Hopton Castle was originally an earth and timber motte-and-bailey fortification raised in the late twelfth century century. It was part of a scheme of fortifications centred on Clun Castle which were designed to secure control of the River Clun. Hopton Castle itself was built around one mile from the river to control an overland pass between Hopton Titterhill and Clunbury Hill; this was possibly a portage route between two points on the river. Precisely who raised the castle is unknown but, at the time of the Domesday survey in 1086, it was held by Picot de Say as part of the wider Lordship of Clun. It passed to Osbert de Hopton in the mid-twelfth century and it is likely the castle was built shortly after. It was certainly in existence by 1267 when the then owner - Walter de Hopton - was accused of cattle rustling and taking his ill-gotten gains back to his castles. Despite the family owning the manors of Broadway and Coston, they made Hopton Castle their primary seat.
The original fortification consisted of a motte and two baileys. The circular motte would have been topped with a timber palisade whilst its base was surrounded by a ditch. The Inner Bailey, which was a broadly rectangular enclosure, extended to the west of the motte and would have hosted the high status buildings such as the Great Hall and Lord's Chambers as well as associated ancillary buildings such as a kitchen, brew house and bake house. The Outer Bailey, which was seemingly added later, was an L-shaped enclosed that wrapped around the south side of the motte and west side of the Inner Bailey. Both enclosures were surrounded and separated by substantial, water filled ditches fed from two small streams that converged at the castle. These watercourses not only provided enhanced protection on the north, east and south sides of the site but they also served as a source of fresh water and as a means of waste removal for the castle.
The three storey tower keep was built on top of the motte in the early 1300s by Walter de Hopton. It was constructed from Silurian siltstone ashlar with a rubble infill whilst Old Red Standstone was used for detail. The lowest level was an under croft which was used for storage. The first and second floors consisted of halls and chambers. The main entrance was on the north side through an elaborate arched doorway. There was a second doorway on the west side which gave access to the Inner Bailey via a drawbridge. The tower was first and foremost designed to serve as a residence as the large number of windows would have undermined its defensive qualities. The Inner Bailey curtain wall was probably rebuilt in stone at this time and augmented by at least one turret.
Hopton Castle remained with the Hopton family until the fifteenth century when it passed through marriage to the Corbets from Moreton Corbet Castle. They held it until the sixteenth century when it was acquired by Henry Wallop.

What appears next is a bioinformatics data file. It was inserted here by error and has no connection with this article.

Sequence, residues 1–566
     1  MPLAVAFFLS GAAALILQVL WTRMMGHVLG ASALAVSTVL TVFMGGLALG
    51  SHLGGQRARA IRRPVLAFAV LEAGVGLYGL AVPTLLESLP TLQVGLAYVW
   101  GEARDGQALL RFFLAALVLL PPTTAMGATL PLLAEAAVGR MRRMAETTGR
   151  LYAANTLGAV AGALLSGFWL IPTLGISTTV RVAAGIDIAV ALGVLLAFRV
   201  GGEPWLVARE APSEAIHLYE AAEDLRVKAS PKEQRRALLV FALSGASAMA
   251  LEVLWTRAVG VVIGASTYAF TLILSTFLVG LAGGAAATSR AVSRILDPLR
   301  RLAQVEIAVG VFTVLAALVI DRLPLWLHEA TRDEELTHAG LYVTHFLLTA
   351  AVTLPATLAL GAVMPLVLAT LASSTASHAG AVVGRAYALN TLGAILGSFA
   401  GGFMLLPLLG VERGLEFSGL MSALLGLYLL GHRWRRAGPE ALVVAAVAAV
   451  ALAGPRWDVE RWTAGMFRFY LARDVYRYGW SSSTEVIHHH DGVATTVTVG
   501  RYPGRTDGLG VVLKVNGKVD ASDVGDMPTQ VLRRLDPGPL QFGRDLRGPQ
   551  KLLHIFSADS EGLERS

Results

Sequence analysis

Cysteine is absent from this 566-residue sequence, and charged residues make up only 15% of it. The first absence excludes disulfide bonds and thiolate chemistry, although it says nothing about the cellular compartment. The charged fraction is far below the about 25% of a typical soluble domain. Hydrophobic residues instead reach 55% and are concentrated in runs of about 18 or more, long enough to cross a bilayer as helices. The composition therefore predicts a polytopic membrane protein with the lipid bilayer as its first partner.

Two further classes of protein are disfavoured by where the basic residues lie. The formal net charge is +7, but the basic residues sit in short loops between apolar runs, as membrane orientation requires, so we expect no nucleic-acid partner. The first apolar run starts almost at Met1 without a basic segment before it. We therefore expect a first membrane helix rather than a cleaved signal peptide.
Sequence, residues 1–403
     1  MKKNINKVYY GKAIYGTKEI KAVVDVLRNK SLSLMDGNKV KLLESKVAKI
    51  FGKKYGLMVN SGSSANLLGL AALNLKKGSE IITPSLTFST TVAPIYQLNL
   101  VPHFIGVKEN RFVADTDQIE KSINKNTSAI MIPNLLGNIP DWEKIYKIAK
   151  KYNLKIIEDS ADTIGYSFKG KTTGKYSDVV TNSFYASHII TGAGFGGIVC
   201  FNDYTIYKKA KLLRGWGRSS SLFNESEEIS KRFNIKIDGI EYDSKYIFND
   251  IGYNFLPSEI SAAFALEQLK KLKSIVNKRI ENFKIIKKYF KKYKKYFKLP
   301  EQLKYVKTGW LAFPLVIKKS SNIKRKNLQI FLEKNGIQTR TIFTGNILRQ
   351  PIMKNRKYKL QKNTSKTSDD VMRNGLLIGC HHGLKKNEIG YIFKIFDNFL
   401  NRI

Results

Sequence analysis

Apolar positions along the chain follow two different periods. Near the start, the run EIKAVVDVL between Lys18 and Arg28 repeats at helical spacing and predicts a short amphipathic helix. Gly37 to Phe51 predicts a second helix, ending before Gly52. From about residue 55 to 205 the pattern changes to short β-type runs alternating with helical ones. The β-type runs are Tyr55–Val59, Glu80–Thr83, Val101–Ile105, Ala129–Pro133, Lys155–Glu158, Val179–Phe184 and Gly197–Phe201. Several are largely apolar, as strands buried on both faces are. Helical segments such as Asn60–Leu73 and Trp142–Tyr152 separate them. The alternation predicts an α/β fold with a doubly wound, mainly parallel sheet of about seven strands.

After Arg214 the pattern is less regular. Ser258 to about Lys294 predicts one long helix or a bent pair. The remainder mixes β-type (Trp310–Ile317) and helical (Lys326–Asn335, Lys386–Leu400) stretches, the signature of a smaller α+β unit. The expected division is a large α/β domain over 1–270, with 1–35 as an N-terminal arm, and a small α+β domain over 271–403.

Upon the outbreak of the Civil War, the then owner of Hopton Castle - Robert Wallop - supported Parliament and he garrisoned their castle with a force of 31 men under the command of Samuel More. In February 1644 a 500-strong Royalist force under Sir Michael Woodhouse besieged the site. After a five week siege, the attackers made a breach in the castle's walls - possibly in the latrine - and prepared to storm the site. The garrison surrendered but, in an unusual act of barbarity for the first Civil War, all of the prisoners except for More were "stripped naked" and "killed with clubs and such things". Woodhouse was later appointed Royalist governor of Ludlow Castle but was forced to surrender it to Parliamentary forces in 1646. His replacement as governor was Samuel More.
Hopton Castle was sold to the Beale family in 1655 and continued to be used as a residence until 1700 but thereafter was abandoned and allowed to drift into ruin. The site was purchased by the Hopton Castle Preservation Trust in 2008 and they successfully bid for a grant from the National Lottery to fund conservation work. The structure has now been stabilised and is open to the public.
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Hopton Castle is a ruined fourteenth century tower Keep fortification which was built on the site of an earlier motte-and-bailey.
Hopton Castle Layout. The earliest castle consisted of the motte and Inner Bailey. An L-shaped Outer Bailey was added later and in the 1300s the Tower Keep was built on top of the motte. The ditches around each enclosure were almost certainly water filled and would have been fed by two streams that converged at the site.
Tower Keep. Although ruined, the Tower Keep at Hopton is one of the finest examples of its type in England. The main entrance was an elaborate arched doorway on the north side.
West Side. There was a second entrance into the tower on the west side which facilitated direct access into the Inner Bailey.
Motte. The Tower Keep stands on top of the motte.
Earthworks. The complex series of earthworks around the castle comprise the remains of the Norman motte-and-bailey castle, a medieval fishpond, flood defences and Civil War siege works.
Hopton Castle was a twelfth century earth and timber motte-and-bailey fortification. A stone Tower Keep was added in the 1300s to serve as a high status residence. The castle was besieged for five weeks during the Civil War and, when forced to surrender by Royalist forces, the garrison were massacred.
Hopton Castle is found off an unnamed road accessed via the B4385. Take the turning sign-posted to Obley at Hopton Heath and follow the road until you get to a left turn sign-posted to Bedstone. The castle is just beyond to your right. A newly built parking area provides space for a few cars.